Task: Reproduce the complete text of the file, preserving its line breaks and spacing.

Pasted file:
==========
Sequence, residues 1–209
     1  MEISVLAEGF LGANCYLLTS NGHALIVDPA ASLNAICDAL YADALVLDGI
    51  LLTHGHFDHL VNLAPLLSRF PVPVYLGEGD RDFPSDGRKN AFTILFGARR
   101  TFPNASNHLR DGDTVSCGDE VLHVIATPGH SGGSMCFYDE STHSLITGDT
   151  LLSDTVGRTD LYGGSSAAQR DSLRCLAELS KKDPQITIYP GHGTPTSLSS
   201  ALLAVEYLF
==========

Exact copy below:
Sequence, residues 1–209
     1  MEISVLAEGF LGANCYLLTS NGHALIVDPA ASLNAICDAL YADALVLDGI
    51  LLTHGHFDHL VNLAPLLSRF PVPVYLGEGD RDFPSDGRKN AFTILFGARR
   101  TFPNASNHLR DGDTVSCGDE VLHVIATPGH SGGSMCFYDE STHSLITGDT
   151  LLSDTVGRTD LYGGSSAAQR DSLRCLAELS KKDPQITIYP GHGTPTSLSS
   201  ALLAVEYLF